It teaches great hand-eye coordination and quickens your reaction time. I’ve made it to level 13.

Like politics, it can be tricky.

Reacting to redistricting

The three-judge panel out of San Antonio rolled out the final court-ordered Texas House map the day before the holiday. Representative Aaron Peña was among those who took time around the turkey table Thursday to discuss the map with friends and family, and his future in public service.

According to YNN Political Contributor Harvey Kronberg, of the Quorum Report, Peña’s decided not to seek another term in office.

"The district I have been placed in is a 75% Democratic seat. It is unwinnable by me or any Republican candidate and I will not move into another legislative district to run against a colleague," Peña said.

The court-ordered map will dictate the March and November 2012 elections here in Texas, that’s if the judge’s panel in Washington, DC doesn’t act in a timely fashion. They have, after all, been told to take their time.

Attorney General Greg Abbott weighed issuing a request to stay the enforcement of the House map, knowing full well doing so would likely delay the primary elections for the Texas House of Representatives.

Abbott said, "While all unaffected primary elections will continue as scheduled on March 6, 2012, the State is prepared to delay its Texas House of Representatives primary elections in order to ensure that it is not forced to conduct elections using a legally flawed map."

Click here to see the maps.

Ron Paul: future party switcher? Supporters say ‘no way’

Something the political pundits were bantering about caught my ear this week. Would Ron Paul consider running as an independent if his growing popularity didn’t secure him the GOP nomination? Paul told Fox News Sunday host Chris Wallace he had "no intention of running" as an independent. Why not? Paul says he doesn’t want to. Of course, in the political world that is not enough to quiet the speculation. The conversation immediately jumped ahead to November 2012. Who would suffer the most with an independent on the ballot? Who might be on Paul’s ticket? Would Governor Gary Johnson be his VP?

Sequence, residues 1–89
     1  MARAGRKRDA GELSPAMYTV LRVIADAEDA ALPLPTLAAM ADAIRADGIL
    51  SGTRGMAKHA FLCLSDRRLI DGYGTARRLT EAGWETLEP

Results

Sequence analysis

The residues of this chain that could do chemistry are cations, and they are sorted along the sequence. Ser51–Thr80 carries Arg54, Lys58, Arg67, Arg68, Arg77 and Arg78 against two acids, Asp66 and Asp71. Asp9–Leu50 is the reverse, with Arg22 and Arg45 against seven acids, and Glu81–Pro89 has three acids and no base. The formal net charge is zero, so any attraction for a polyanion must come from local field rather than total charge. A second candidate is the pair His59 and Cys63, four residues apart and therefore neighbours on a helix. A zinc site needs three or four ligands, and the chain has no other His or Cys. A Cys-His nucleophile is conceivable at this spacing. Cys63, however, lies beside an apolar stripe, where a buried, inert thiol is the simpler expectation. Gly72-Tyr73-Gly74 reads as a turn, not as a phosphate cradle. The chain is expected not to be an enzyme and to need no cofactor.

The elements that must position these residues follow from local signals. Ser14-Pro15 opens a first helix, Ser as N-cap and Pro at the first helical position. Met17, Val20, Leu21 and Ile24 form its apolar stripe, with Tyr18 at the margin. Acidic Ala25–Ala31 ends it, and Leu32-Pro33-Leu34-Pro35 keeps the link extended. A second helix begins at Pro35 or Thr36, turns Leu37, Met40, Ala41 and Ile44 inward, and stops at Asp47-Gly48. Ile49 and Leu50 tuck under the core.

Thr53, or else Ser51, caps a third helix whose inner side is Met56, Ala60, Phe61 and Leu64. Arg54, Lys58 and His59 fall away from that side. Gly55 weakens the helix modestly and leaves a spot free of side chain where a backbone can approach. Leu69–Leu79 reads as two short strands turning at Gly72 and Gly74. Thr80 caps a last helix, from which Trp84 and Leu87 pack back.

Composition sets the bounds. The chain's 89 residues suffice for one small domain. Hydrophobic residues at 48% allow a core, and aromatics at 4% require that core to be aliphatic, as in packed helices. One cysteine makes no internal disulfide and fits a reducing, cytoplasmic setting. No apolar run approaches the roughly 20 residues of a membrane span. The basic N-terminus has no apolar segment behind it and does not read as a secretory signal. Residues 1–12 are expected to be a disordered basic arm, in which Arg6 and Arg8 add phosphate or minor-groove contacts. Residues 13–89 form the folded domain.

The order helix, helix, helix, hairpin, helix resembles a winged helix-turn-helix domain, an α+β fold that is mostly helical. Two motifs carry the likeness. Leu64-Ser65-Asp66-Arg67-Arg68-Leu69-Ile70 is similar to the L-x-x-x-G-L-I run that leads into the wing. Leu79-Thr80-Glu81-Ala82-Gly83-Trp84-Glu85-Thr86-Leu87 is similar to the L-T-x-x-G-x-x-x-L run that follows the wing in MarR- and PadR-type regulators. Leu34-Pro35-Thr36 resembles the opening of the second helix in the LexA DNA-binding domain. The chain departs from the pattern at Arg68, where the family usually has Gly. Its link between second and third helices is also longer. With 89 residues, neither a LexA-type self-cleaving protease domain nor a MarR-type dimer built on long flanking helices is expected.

I contacted a few of the diehard Paul supporters in the Austin area to get their take. A few almost seemed offended I was questioning their candidate’s integrity. In their eyes, the thought implied Paul has strayed from his word in the 30+ years he’s held public office, especially when responding to such an "unlikely proposition." One Ron Paul supporter after another told me he does not flip flop. Ever. He’s not your average politician. I’ll give them that.

Paul is holding steady in the polls. You could say this presidential run for the Texas Congressman has been easier since he hasn’t had to dedicate as much time building name recognition. Supporters will tell you much of his 2008 bid was focused on making sure Americans had reason to remember his name. Today, it’s safe to say most voters can put a face with the name, maybe even quote his stance on a particular issue or a line he delivered in a debate.

He’s no longer a sideline candidate. But, whether notoriety and a consistent message can transfer into a position opposite President Obama is anyone’s guess. Paul said himself Sunday, “Oh, I think there is a cycle going on here and I don’t think that in particular. I think we have seen sudden surges of candidates and then they fall again. I think all of that is all helpful to me.”